Thursday, May 16, 2013

Review: Extras

Scott Westerfeld
YA dystopia

It's a few years after rebel Tally Youngblood took down the uglies/pretties/specials regime. Without those strict roles and rules, the world is in a complete cultural renaissance. "Tech-heads" flaunt their latest gadgets, "kickers" spread gossip and trends, and "surge monkeys" are hooked on extreme plastic surgery. And it's all monitored on a bazillion different cameras. The world is like a gigantic game of "American Idol." Whoever is getting the most buzz gets the most votes. Popularity rules.

As if being fifteen doesn't suck enough, Aya Fuse's rank of 451,369 is so low, she's a total nobody. An extra. But Aya doesn't care; she just wants to lie low with her drone, Moggle. And maybe kick a good story for herself.

Then Aya meets a clique of girls who pull crazy tricks, yet are deeply secretive of it. Aya wants desperately to kick their story, to show everyone how intensely cool the Sly Girls are. But doing so would propel her out of extra-land and into the world of fame, celebrity...and extreme danger. A world she's not prepared for.

First of all, that was the worst and most inaccurate blurb I have ever read. For one because I love American Idol. (Well, maybe not this season. Speaking of which, you guys excited for the finale tonight?) and two,  because unlike what it says there,  Aya IS FREAKING OBSESSED WITH GETTING FAMOUS.  DON'T GIVE ME THIS "AYA DOESN'T CARE" OR "A WORLD SHE'S NOT PREPARED FOR". THAT'S WHAT SHE SPENDS THE ENTIRE BOOK DOING.  SERIOUSLY, GOODREADS?
Ok, end rant.  At least on that. 

Blurb aside, if you're an old follower/reader of mine, you know I looooove Scott Westerfeld's work. You can read my reviews of Leviathan and Behemoth here. I read the Uglies series before I had a blog, but rest assured I was head over heels for every word of it. In fact, up until the last third of this book, I loved Extras too. The theme was mind boggling- a world where everything depends on your popularity on the internet. It's a brilliant idea and well done. Everyone has a face rank based on how much people are talking about you on the feeds (feed=  a personal page online). A subtle message to us as to how far our obsession with fame and the internet can go, just like Uglies, Pretties, and Specials explore the boundaries of how far our obsession with beauty can go.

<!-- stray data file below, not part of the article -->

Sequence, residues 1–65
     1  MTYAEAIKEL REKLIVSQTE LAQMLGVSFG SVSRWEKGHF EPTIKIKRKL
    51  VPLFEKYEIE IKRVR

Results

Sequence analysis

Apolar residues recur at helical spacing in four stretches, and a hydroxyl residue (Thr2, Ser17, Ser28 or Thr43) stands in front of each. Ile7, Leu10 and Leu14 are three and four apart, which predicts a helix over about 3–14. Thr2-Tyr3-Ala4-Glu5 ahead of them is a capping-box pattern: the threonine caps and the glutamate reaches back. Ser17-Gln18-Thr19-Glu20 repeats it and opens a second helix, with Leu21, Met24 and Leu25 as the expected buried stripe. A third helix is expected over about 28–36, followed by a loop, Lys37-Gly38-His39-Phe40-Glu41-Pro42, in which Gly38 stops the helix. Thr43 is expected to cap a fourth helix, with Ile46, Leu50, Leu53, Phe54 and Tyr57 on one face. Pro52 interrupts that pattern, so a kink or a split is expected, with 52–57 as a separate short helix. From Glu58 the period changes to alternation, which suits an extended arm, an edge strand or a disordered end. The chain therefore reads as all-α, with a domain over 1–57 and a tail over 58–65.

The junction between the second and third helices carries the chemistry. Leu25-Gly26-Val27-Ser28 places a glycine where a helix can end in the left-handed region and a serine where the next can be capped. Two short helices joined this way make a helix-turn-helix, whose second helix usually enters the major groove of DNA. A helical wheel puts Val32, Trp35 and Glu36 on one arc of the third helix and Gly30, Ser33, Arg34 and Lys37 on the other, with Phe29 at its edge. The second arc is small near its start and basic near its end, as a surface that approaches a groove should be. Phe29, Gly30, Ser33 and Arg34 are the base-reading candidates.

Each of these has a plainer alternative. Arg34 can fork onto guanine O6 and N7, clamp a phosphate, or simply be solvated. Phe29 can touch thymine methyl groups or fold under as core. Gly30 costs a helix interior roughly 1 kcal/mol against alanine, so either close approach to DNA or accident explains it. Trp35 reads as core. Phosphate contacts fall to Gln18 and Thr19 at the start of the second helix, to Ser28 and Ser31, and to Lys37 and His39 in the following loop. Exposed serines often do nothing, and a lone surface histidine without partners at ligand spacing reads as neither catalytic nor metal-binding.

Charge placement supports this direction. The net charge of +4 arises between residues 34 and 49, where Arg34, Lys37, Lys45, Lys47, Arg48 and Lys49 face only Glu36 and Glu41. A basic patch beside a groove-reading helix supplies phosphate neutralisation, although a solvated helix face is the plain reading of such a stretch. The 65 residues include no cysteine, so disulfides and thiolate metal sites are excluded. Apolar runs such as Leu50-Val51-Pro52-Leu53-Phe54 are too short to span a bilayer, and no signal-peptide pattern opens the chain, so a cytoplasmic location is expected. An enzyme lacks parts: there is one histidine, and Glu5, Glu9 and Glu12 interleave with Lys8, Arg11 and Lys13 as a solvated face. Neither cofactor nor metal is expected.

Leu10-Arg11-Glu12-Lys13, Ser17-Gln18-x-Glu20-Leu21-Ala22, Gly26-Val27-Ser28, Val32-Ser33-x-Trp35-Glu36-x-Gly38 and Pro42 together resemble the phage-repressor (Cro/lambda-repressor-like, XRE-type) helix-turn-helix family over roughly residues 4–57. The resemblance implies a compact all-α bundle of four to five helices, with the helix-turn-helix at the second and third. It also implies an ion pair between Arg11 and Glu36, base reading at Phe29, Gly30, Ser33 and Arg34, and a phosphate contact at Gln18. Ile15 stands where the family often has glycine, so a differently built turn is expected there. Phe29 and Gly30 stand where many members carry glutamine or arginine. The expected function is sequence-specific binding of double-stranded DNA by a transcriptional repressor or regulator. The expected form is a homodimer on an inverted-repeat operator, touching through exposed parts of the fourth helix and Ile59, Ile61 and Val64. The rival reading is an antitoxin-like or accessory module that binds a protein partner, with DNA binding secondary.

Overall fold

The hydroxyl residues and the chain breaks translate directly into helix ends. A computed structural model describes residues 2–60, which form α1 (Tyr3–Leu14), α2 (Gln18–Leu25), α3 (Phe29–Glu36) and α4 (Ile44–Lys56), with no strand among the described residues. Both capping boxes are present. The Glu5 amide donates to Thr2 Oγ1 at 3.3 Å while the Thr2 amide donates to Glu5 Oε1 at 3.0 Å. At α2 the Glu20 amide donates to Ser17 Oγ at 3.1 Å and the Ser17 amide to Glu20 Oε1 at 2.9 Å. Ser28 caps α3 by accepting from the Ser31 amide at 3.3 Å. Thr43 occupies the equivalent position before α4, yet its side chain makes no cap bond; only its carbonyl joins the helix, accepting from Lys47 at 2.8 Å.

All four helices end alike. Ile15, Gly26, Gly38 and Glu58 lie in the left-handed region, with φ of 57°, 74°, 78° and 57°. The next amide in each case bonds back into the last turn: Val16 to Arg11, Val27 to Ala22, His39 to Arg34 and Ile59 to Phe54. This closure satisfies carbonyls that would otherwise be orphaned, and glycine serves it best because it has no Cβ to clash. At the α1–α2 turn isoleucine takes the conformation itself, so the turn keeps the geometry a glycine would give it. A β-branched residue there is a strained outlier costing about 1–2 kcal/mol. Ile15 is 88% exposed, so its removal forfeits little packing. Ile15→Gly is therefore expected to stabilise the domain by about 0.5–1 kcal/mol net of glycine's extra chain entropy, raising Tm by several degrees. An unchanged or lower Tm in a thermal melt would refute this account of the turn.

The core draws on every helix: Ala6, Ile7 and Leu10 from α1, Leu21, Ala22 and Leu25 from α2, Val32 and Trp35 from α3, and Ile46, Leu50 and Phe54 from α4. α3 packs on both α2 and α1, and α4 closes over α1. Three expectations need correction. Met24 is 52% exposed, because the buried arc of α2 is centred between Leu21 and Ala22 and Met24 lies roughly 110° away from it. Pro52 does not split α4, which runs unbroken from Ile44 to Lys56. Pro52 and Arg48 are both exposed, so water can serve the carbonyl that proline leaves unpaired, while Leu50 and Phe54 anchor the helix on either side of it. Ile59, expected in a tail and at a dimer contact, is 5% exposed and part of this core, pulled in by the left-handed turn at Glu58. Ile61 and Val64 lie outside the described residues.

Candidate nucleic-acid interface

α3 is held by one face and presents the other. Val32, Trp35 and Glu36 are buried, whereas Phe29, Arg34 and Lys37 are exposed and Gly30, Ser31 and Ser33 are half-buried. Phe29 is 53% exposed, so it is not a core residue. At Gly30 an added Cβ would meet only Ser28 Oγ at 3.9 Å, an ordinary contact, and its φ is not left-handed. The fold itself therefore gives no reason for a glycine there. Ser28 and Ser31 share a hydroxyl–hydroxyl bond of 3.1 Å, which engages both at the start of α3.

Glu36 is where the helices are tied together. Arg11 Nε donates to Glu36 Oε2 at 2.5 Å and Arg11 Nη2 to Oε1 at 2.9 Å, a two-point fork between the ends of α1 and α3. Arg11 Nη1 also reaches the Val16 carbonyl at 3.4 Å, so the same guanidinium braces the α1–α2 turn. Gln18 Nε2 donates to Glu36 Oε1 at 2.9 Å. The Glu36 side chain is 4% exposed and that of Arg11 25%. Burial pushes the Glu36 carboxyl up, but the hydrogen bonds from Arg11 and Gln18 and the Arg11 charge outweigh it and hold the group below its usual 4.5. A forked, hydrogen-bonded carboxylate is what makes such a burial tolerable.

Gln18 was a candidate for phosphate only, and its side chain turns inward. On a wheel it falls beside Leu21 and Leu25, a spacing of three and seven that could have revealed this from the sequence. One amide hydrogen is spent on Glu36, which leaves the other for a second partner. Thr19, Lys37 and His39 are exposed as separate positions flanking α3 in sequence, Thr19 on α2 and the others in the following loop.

Also, Extras is a really fast paced book, even reminded me of James Patterson's writing a little bit, complete with thrilling technical gadgets that will excite any teenager (me included). What's more, we get fun nostalgic cameos by our favorite characters in the Uglies series:)


There was little to no character development for Aya in this book. In the beginning, all she wanted was to be famous. In the end, all she wanted was to be famous. In the beginning, she was going to do something morally not ok. Later, when asked if she would have done it had such-and-such not happened, she doesn't have an answer. I had expected the author to present the dangers of this kind of system, the addictive-ness, to explore the ethical questions it raises, to have Aya grow and change and get her priorities in order. But he didn't do any of those things. In fact, there was a point where the they discovered something that literally put all of their lives in danger and all Aya could think of was how this story could make her a celebrity.
The other characters were cool and likable, and most of them did grow a little bit. Rating:

1 comment:

  1. I've only read Uglies at the moment - the others are sat on my bookshelf gathering dust right now :( I didn't even know Extras followed a different storyline - but completely agree with you, the theme sounds brilliant!


Hi and thanks for your comment! I absolutely love hearing from you- it makes the whole blogging experience worth it:)

If you have a blog leave me your link and I'll try to return the favor <3